Technology can simultaneously amplify mistakes and make them easier for customers – in the government’s case, citizens – to see.
Technology presents a two-fold challenge for government in the digital age. Not only does the implementation of innovation sometimes fail to hit its mark, as seen with HealthCare.gov, but that same technology also makes government more transparent and amplifies citizen scrutiny.
"It's the change in the consumer, or in our case the citizens, and their ability to be empowered and enabled through technology that is giving them a voice that they didn't have before," Mark Langley, president and CEO of the Project Management Institute, recently said at a Capitol Hill briefing.
Also featured at the briefing were Reps. Todd Young (R-Ind.) and Jim Matheson (D-Utah), co-chairmen of the Government Efficiency Caucus, which grapples with how to use technology and bolster the workforce to improve service.
"Whether it's related to government websites, or deploying new equipment to our troops in an effective and timely manner or dealing with waste, fraud and abuse, my constituents regardless of party affiliation have some real interest in this topic,” Young said. “Part of it is an operational concern. They feel like we ought to be providing better services."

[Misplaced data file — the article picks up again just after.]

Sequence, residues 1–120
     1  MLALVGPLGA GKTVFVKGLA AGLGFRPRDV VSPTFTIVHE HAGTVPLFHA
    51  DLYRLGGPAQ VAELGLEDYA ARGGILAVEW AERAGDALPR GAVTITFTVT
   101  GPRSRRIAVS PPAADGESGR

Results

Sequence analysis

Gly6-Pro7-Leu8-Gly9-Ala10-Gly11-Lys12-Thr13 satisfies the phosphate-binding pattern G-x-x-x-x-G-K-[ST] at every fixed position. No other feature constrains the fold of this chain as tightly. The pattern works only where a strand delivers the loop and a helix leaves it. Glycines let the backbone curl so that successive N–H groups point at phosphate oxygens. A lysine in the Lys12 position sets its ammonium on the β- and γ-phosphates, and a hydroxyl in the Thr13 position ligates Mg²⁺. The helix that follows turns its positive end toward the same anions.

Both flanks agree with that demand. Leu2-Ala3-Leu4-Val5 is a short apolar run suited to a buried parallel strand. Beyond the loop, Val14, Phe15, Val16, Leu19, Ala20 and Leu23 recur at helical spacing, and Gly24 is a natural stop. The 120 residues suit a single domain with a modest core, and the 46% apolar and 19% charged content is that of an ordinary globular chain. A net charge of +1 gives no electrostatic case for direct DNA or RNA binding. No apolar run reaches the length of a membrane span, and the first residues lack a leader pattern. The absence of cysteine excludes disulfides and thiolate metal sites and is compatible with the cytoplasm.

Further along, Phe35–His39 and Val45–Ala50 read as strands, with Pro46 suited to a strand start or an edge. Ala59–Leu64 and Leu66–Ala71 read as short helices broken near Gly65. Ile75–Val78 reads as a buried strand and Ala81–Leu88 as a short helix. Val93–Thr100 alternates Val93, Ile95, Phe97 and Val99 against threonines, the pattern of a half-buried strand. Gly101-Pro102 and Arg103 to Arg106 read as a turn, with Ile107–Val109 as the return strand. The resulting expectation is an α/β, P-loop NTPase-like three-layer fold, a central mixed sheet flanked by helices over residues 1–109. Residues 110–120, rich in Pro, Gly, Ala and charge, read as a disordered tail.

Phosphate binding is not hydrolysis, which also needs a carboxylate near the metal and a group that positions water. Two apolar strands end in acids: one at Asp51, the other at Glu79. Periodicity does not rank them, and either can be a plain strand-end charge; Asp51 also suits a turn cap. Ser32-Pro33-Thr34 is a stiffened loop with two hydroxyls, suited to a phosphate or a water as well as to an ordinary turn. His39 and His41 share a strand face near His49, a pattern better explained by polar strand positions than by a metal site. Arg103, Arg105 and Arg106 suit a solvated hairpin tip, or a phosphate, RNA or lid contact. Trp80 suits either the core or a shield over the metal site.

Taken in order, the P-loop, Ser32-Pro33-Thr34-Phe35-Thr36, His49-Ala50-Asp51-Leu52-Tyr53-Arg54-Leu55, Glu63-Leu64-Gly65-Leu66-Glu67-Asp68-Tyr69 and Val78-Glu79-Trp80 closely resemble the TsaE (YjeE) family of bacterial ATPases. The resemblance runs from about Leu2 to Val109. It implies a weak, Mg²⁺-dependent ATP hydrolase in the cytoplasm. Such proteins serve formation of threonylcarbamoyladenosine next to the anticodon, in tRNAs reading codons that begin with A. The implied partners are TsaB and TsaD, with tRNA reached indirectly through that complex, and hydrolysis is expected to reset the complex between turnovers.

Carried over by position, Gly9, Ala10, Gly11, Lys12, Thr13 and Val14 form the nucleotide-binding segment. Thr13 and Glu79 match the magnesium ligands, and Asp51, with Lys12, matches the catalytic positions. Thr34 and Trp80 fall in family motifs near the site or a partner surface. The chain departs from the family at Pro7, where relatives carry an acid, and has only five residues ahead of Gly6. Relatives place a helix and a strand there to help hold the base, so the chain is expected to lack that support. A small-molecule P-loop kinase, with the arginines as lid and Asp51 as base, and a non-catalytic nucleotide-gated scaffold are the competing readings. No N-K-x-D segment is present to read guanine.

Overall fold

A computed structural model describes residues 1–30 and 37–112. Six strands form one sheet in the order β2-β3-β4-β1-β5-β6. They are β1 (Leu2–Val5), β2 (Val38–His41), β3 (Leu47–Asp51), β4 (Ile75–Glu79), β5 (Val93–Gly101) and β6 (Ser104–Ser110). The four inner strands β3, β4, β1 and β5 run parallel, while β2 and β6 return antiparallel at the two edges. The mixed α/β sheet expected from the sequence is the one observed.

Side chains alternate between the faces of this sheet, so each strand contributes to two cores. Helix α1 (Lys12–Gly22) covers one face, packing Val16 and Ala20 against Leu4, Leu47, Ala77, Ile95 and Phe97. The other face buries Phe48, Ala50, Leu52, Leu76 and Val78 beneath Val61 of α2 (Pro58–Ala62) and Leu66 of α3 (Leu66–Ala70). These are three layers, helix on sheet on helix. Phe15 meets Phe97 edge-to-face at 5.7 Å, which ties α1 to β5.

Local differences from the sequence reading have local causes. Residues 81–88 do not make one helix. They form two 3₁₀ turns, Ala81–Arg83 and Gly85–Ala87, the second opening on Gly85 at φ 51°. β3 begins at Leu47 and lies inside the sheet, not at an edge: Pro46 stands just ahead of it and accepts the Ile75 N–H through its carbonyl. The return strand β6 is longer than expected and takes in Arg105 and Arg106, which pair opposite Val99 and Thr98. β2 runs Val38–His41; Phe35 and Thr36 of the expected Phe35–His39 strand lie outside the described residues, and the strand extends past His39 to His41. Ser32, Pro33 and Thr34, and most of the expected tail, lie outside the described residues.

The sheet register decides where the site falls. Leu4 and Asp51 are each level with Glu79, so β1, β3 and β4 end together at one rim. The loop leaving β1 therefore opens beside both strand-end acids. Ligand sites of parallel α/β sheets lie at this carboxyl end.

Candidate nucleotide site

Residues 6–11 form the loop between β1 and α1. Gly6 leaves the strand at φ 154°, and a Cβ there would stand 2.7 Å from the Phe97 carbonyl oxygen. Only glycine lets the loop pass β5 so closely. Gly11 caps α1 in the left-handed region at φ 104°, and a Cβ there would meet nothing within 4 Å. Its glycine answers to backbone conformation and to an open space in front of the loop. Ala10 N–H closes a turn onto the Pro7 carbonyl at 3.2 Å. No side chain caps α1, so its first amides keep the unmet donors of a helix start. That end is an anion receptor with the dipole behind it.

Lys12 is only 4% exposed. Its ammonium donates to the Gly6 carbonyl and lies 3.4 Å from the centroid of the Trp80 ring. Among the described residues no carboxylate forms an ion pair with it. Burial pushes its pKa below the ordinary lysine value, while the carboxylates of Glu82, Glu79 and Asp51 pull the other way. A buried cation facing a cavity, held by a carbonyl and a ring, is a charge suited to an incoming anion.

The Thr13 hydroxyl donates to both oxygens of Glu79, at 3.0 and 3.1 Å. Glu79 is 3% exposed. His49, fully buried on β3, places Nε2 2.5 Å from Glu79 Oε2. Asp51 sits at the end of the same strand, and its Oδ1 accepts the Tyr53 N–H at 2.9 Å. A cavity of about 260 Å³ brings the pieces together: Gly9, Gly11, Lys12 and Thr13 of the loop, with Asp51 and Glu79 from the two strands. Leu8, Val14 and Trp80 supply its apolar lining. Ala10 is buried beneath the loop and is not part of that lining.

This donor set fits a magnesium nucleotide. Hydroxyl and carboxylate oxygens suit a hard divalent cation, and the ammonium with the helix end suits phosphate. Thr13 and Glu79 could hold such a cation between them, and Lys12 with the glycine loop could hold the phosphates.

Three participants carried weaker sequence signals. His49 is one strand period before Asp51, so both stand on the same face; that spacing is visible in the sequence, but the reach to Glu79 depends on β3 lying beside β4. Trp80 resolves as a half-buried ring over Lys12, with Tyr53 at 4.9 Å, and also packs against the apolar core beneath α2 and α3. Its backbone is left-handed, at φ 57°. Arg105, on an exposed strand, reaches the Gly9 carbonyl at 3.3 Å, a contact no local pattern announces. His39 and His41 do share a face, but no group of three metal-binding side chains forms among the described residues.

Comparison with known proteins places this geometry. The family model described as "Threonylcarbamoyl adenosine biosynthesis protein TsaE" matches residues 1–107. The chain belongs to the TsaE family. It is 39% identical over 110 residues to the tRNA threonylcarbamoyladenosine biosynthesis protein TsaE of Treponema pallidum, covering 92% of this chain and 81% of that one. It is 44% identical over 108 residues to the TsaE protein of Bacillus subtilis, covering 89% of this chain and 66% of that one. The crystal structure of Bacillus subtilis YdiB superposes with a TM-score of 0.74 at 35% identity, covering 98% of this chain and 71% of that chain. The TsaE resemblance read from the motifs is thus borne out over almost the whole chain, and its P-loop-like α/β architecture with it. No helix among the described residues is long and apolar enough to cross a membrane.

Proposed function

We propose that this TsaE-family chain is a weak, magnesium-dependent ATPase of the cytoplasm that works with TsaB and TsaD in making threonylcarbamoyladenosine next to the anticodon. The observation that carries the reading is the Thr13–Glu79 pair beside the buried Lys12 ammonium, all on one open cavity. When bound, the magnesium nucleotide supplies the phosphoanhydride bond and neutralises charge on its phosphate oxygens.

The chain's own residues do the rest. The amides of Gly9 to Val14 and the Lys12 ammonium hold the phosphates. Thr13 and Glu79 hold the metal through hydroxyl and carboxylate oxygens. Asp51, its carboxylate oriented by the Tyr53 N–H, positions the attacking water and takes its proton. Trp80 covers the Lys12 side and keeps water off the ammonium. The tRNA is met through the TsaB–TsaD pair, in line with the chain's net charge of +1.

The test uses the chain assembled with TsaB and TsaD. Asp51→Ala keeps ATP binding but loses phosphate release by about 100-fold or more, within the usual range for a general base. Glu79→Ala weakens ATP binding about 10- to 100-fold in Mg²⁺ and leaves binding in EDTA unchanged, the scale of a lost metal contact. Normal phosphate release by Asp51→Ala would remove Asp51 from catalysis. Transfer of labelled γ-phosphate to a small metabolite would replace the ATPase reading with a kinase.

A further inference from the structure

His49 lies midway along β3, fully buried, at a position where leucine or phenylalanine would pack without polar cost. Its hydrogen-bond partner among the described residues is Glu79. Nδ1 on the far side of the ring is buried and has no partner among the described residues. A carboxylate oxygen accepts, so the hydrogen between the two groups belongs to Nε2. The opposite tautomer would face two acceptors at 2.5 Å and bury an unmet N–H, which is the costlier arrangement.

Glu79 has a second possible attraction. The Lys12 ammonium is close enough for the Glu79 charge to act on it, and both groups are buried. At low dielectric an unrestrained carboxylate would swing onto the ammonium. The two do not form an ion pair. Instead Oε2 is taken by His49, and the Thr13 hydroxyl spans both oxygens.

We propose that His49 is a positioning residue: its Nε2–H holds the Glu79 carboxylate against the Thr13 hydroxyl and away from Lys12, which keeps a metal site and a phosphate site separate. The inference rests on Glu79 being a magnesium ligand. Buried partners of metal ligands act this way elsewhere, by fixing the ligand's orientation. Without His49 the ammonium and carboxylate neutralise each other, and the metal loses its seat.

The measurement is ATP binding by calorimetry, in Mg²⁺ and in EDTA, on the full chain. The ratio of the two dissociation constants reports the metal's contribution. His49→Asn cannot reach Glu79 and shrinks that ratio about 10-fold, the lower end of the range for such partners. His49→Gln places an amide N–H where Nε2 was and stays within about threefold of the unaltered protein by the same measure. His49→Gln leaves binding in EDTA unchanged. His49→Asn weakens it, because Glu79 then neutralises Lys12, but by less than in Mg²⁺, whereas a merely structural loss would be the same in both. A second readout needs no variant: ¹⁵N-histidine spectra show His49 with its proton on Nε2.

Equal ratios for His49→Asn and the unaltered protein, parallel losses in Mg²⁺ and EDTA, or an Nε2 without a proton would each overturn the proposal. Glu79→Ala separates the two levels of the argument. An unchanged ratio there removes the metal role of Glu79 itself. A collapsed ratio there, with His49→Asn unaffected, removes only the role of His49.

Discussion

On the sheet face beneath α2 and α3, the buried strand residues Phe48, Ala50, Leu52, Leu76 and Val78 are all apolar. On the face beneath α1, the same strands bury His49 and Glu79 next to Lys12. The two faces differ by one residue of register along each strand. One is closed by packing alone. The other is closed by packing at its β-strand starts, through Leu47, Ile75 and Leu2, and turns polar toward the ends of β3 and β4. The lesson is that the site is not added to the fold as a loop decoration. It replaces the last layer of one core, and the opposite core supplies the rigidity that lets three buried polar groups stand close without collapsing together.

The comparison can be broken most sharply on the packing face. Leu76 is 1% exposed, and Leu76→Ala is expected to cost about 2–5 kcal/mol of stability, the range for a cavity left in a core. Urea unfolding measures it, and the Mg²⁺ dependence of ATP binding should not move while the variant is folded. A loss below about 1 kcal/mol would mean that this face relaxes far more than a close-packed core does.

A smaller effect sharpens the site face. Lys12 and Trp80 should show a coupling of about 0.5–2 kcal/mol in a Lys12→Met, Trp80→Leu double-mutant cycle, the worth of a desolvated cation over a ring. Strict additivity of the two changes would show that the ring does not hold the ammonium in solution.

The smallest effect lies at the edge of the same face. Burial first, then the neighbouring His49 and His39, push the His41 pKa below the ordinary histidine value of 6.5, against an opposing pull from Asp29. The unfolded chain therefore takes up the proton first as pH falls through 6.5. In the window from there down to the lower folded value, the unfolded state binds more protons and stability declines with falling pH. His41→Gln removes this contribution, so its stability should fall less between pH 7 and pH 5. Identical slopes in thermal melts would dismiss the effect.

And that’s where the human element enters.
If technology magnifies and makes transparent, that larger figure that the customer is now seeing more clearly is probably involved in a public-facing enterprise, even if they are not a point of direct contact.
Tom Greiner, managing director of technology for Accenture Federal Services, which worked on HealthCare.gov, said at the briefing there is a lack of training in both the public and private sectors.
"I think in the federal space, it's a little bit more of a free-for-all of a training,” Greiner said. “I don't know how prescriptive the curricula is set so that people are building skills in a meaningful way to progress up a career track.”
Successful talent management, whether in the form of training on a regular basis or initiating and enforcing process standards, results in higher quality products and services that have a better chance of passing muster.
Greiner said he suspects federal talent management is more disparate than streamlined, with “a personal interest navigation of graduate classes here, maybe a certification there.”
But it’s still more efficient to create than to find, Greiner contended.
"We find it's easier and less expensive to build the skills and to train people than it is to go get them from the marketplace once they've already been developed," he said.
But there might be an exception to that rule.
"Now it's a more specialized focused recruiting coming in, so they're liable to have the interest and aptitude to go through that training and be engaged in it, versus a psych major who you try to get them to code Java and they'll be like, ‘well how does Java feel about that. '"
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